Eating Disorders: Why Logic Doesn't Work When Talking To Your Anorexic Child

When you talk to your anorexic child you may try to use logic. The problem is she is not able to think logically right now. She is under the influence of the eating disorder and it impacts her ability to think clearly.

How often do you find yourself in this kind of circular argument with your anorexic daughter?

Mom - "You need to put butter on your potato."

Daughter - "I am not putting butter on it, it will make me fat."

Mom -"A little butter is not going to make you fat."

Daughter - "How do you know? You don't know as much about Trans fat as I do."

Mom - "It would take a pound of butter for you to even come close to gaining weight!"

Daughter - "Do you know how many calories are in butter?"

And the circle goes around and around. It is a no win and I'm sure you already know that. When we know this, why do we continue trying to talk rationally with someone who is anorexic?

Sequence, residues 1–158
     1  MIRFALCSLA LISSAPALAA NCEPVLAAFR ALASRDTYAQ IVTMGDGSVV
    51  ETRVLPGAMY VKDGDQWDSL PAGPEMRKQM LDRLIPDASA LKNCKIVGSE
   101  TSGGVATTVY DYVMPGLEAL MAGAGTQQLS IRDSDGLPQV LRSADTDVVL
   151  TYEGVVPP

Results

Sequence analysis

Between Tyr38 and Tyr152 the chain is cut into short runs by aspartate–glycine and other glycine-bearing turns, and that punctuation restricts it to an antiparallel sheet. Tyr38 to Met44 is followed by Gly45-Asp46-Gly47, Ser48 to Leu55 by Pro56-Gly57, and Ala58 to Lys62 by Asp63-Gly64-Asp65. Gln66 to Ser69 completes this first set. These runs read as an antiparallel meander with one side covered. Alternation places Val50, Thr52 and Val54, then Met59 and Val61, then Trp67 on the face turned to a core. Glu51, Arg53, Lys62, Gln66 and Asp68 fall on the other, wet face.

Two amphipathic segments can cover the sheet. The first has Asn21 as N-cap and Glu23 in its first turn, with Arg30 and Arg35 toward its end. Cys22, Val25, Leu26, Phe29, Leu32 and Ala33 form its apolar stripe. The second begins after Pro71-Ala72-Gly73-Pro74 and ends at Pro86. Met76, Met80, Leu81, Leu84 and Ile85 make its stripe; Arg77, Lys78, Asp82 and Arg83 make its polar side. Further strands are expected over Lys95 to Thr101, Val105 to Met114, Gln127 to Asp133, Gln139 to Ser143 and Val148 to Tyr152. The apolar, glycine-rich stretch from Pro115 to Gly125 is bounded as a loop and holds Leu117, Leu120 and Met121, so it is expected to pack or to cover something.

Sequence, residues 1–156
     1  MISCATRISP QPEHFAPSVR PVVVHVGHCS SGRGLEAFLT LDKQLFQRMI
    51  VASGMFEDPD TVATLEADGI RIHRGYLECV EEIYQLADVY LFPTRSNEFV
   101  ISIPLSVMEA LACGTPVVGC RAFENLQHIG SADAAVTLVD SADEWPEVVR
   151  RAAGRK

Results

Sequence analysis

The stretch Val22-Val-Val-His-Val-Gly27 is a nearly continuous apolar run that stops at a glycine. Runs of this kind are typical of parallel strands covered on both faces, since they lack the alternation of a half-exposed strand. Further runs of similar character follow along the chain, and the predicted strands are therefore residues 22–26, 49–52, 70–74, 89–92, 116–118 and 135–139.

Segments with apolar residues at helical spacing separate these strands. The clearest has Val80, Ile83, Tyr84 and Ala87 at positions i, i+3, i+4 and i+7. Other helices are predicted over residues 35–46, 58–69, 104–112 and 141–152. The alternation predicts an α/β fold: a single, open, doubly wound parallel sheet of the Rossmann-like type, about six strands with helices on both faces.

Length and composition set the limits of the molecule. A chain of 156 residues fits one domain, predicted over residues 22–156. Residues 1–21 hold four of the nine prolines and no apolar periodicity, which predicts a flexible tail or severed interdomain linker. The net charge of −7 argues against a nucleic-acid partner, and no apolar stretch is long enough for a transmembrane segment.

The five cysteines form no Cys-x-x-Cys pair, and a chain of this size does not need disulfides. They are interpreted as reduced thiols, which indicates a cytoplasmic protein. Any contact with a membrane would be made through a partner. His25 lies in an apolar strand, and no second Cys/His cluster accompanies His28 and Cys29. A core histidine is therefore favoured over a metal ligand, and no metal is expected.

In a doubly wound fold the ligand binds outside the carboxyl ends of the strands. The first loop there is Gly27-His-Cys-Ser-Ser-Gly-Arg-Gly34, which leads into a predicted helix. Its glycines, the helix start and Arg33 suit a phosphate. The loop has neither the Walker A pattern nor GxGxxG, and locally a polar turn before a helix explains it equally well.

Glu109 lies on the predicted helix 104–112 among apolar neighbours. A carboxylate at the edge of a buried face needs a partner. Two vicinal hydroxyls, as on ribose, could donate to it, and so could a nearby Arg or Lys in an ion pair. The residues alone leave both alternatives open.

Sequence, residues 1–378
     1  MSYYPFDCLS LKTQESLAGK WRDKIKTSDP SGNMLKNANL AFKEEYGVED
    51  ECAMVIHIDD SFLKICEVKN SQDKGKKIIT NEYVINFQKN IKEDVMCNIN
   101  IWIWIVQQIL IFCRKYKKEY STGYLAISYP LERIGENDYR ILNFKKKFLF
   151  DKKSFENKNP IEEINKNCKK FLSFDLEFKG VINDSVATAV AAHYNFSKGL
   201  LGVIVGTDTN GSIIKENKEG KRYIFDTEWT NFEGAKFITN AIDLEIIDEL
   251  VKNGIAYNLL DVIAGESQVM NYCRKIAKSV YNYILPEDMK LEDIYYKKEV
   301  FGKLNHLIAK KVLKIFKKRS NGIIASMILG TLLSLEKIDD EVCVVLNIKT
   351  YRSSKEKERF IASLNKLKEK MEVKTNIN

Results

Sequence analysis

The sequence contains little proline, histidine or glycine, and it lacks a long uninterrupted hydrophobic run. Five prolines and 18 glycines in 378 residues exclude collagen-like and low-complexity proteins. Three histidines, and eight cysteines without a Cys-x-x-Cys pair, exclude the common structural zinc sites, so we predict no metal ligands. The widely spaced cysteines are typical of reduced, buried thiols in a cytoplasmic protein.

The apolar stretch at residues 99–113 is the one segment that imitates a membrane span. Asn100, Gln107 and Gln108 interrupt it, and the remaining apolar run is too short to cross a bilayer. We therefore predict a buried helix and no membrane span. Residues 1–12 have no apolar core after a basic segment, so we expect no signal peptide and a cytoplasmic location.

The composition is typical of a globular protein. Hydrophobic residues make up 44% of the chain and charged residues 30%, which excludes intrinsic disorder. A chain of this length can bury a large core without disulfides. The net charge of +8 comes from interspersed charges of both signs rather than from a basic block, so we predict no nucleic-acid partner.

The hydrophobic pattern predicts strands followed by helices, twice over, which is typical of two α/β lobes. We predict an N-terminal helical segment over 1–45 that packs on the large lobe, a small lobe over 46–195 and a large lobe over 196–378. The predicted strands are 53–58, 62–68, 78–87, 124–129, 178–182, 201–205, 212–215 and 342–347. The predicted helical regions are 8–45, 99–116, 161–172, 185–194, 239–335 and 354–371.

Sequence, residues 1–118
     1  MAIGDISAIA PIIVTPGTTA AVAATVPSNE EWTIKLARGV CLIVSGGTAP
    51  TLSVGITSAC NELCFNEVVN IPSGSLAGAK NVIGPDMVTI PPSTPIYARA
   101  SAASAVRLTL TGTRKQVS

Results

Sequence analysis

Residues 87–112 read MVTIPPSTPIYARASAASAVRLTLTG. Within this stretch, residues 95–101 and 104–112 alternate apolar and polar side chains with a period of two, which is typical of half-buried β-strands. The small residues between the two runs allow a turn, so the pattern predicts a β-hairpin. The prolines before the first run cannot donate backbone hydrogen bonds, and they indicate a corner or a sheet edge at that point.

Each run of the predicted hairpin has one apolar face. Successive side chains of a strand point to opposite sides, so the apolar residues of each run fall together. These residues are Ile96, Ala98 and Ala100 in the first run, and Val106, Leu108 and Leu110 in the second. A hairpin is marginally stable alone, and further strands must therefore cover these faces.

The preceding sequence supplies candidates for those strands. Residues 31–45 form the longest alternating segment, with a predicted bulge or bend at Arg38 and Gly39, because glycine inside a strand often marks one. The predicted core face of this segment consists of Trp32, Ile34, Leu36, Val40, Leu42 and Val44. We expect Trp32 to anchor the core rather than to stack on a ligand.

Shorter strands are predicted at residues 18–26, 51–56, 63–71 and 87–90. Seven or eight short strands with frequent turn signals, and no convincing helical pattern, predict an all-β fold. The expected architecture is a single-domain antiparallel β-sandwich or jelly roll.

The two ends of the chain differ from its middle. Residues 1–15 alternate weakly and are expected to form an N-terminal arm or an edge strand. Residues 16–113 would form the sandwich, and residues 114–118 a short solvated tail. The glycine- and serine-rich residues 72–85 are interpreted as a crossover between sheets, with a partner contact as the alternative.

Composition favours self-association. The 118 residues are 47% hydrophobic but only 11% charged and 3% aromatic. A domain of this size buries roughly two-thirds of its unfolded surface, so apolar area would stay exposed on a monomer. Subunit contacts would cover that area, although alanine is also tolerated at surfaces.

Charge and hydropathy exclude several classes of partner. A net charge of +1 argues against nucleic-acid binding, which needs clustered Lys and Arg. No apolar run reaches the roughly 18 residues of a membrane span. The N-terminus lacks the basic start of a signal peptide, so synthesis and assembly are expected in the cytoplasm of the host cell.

I think it is because we don't know what else to do. We want her to think the same way we do and she just doesn't. She can't. She does not have enough nutrition in her to think clearly.

The reality is the only thing you can do is re-feed her until she gains enough weight to think logically again. The only way to do that is to sit with her until she eats more than she wants to eat. No arguing, negotiating, pleading.

You use a very limited repertoire of responses. You might say, "Food is your medicine. You have to eat to get better." "I know this is difficult but we have to do it. Take 3 more bites. We won't move on until you finish." As much as you can don't use logic; be firm and compassionate and support her in eating one bite at a time.

Do you want to learn more about eating disorders?

If so, download my free e-book "Eating Disorder Basics for Parents" here

Lynn Moore educates, coaches, and consults parents on how to help their adolescent with eating disorder behavior. She will help you figure out what kind of help you need and what you can do to help your child.

This information is not a substitute for consultation with health care professionals. Each child's health issues should be evaluated by a qualified professional. Never read one article and try to implement what you read without more research and help; either from a coach or therapist.

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